As they began the post-All-Star break portion of their schedule Monday at Madison Square Garden against the visiting Calgary Flames, the Rangers were gearing up for a playoff push that will see them play 33 games in 67 days to close out the season.
The game had a little bit of everything, goals, goaltending, three fights – two by Jacob Trouba – and a large dose of controversy. But in the end, it was Alexis Lafreniere who won it for the Rangers, winning the race to collect the rebound of a shot by Mika Zibanejad and shooting it into a vacated net at 1:37 of the overtime to give the Rangers a thrilling, 5-4 victory.
Zibanejad’s second goal of the game at 12:55 of the game forced the overtime, but not before the Rangers were forced to kill a tripping penalty to Vincent Trocheck with 2:41 remaining.
The Rangers held a 3-2 lead entering the third period, courtesy of two goals by the white-hot Filip Chytil and a power play goal by Zibanejad in the final minute of the second period. But Calgary tied it on a controversial goal by Andrew Mangiapane at 6:40. The puck went in off Mangiapane’s skate and goaltender Jaroslav Halak, starting over Igor Shesterkin in this one, erupted at the referee complaining the puck had been kicked in.
After a lengthy video review, the Situation Room in Toronto ruled the puck had not been kicked in, and the goal stood. Things then got worse for the Rangers when Calgary defenseman Michael Stone beat Halak (xx saves) with a one-time slapshot at 8:41 to give the Flames a 4-3 lead.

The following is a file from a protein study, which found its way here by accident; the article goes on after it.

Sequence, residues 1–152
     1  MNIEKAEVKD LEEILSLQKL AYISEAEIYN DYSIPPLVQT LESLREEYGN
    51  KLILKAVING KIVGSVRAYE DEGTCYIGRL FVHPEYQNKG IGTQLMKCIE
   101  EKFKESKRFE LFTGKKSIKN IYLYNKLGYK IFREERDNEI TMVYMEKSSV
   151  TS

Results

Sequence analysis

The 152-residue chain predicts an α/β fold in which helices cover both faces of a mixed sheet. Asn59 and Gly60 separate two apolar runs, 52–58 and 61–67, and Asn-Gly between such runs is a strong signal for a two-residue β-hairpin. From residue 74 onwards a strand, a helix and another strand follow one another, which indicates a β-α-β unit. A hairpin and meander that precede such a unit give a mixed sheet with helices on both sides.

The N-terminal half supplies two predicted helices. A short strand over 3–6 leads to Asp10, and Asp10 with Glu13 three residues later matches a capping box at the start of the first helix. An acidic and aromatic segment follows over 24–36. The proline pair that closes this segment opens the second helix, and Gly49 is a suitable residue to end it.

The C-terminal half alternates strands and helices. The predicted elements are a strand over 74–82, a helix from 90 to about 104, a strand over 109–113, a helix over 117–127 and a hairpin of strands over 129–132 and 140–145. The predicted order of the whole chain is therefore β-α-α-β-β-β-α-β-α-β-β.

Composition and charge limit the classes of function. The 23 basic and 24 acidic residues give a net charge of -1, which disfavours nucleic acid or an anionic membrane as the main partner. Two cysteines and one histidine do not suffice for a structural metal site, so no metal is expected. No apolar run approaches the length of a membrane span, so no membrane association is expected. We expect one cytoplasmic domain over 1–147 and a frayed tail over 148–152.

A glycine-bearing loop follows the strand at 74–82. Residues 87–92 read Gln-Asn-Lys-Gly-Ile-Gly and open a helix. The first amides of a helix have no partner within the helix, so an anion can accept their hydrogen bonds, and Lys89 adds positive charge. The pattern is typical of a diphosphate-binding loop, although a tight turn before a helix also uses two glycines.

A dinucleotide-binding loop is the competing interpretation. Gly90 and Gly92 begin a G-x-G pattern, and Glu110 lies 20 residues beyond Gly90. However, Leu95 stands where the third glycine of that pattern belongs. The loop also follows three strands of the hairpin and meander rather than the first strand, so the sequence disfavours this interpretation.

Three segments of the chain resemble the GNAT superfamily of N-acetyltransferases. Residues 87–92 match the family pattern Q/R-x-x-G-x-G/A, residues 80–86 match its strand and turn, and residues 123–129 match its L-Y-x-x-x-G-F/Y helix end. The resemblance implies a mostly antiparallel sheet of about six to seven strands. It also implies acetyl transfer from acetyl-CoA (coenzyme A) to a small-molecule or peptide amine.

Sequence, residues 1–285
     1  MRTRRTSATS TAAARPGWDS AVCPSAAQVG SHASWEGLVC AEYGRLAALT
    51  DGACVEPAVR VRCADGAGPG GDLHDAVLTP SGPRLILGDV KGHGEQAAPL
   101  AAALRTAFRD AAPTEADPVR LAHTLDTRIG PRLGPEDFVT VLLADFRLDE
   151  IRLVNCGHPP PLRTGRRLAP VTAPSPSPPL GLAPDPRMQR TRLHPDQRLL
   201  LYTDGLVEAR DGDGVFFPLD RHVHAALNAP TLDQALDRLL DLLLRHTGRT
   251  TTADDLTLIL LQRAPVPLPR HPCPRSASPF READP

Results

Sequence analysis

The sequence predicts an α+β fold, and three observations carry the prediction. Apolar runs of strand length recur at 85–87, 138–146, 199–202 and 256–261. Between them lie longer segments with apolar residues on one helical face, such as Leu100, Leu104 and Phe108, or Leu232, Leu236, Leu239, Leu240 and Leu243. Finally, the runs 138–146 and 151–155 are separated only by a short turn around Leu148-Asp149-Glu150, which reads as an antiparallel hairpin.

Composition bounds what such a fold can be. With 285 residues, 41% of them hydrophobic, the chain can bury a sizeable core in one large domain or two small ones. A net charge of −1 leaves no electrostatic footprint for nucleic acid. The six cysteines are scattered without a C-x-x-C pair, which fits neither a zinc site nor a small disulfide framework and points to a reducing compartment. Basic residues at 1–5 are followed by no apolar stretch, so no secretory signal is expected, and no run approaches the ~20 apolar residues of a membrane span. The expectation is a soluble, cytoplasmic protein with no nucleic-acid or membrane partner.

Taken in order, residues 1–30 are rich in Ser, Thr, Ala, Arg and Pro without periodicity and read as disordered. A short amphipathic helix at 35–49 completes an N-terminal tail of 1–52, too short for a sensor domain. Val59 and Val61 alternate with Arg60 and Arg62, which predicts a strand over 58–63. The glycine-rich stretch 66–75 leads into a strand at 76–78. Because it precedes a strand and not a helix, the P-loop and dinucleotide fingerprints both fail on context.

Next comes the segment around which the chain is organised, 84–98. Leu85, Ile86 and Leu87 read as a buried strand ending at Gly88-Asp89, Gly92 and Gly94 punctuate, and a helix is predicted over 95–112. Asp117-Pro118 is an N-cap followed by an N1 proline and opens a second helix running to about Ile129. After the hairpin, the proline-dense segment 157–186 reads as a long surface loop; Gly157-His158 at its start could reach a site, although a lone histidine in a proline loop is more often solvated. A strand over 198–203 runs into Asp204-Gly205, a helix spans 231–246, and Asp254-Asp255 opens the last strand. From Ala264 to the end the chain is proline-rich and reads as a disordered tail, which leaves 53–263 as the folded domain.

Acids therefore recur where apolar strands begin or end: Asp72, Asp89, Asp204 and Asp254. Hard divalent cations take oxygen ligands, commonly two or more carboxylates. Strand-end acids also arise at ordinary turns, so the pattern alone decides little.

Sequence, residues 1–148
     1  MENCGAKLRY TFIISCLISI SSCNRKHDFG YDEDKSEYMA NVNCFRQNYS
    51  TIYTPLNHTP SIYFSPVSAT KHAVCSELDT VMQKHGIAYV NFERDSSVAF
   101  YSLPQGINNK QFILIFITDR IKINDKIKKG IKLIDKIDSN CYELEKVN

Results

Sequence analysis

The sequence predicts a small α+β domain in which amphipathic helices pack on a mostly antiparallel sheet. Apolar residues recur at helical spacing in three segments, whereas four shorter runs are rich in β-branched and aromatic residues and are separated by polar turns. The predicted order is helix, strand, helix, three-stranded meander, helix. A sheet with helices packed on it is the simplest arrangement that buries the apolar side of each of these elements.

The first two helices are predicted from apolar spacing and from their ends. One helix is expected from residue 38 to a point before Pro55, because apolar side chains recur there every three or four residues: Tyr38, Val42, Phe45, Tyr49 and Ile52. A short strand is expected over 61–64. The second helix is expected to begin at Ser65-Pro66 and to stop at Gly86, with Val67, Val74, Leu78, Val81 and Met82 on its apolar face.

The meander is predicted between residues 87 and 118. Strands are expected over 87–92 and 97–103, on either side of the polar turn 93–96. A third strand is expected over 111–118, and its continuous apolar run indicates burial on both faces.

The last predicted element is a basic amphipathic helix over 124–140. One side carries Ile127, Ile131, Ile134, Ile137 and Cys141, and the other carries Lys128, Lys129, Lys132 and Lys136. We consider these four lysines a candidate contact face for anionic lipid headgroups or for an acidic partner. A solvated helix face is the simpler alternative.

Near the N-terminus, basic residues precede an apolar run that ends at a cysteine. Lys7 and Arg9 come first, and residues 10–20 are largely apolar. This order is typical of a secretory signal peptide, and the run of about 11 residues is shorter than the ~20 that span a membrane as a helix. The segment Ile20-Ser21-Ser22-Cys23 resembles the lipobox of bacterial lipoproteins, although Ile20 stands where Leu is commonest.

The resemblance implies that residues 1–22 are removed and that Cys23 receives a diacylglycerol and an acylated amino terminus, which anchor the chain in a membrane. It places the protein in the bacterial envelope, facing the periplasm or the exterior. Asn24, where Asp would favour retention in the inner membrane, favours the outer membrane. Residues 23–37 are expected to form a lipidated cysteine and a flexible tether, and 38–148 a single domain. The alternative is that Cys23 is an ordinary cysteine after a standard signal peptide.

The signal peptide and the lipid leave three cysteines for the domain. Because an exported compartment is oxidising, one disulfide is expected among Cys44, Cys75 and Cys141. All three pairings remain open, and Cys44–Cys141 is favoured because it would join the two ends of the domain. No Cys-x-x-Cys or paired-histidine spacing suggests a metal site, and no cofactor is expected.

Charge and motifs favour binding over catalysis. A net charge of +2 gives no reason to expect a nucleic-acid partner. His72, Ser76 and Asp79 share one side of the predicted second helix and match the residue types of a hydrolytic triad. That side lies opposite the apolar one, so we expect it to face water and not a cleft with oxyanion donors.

Chytil, who had been red hot before the break, with four goals and an assist in the last three games before play halted, opened the scoring at 5:37 of the first period. He took a pass from Kaapo Kakko, banked off the right boards, entered the Calgary zone on his off-wing on a two-on-one, and beat goalie Jacob Markstrom for Chytil’s 17th goal of the season.
Blake Coleman jammed one in against Halak at 10:25 to tie it, 1-1, and then things got physical. First, Trouba dumped Dillon Dube at the Flames’ blue line, and Calgary’s Chris Tanev attacked Trouba, who was ready, and fought Tanev off to a draw. Tanev got a roughing penalty in addition to the fighting major, giving the Rangers their first power play of the game at 13:57.
Slightly more than two minutes later, at 16:16, there was another dustup, when Sammy Blais, back in the lineup after his recall from a conditioning stint at Hartford, checked Milan Lucic in the neutral zone. Nikita Zadorov attacked Blais, and Calgary’s MacKenzie Weegar attacked rookie Will Cuylle, got the drop on him and punished him with several devastating left hand strikes. Once again the Rangers got a power play out of it all, as Blais was deemed to have hit Lucic cleanly, Weegar and Cuylle got fighting majors and Lucic was sent off for roughing.
Chytil made it 2-1 at 2:02 of the second, gobbling up the loose puck when Nazem Kadri fanned on a pass in the Rangers’ zone, sprinting the other way on a breakaway, and beating Markstrom with another quick shot.
At that point, Calgary was outshooting the Rangers 20-11, but Halak was keeping the Rangers in the lead until the Rangers were called for a too many men on the ice penalty and Tyler Toffoli scored on the power play at 16:25 of the period.
But then Trouba blasted Kadri to the ice, knocking his helmet off. Dube jumped Trouba, but the Rangers captain was waiting for him and pummeled Dube, who, on top of losing the fight, was given an instigator penalty at 19:04. That gave the Rangers the power play that led to Zibanejad’s goal, a backdoor dunk off a pretty, no-look pass from Chris Kreider, at 19:46.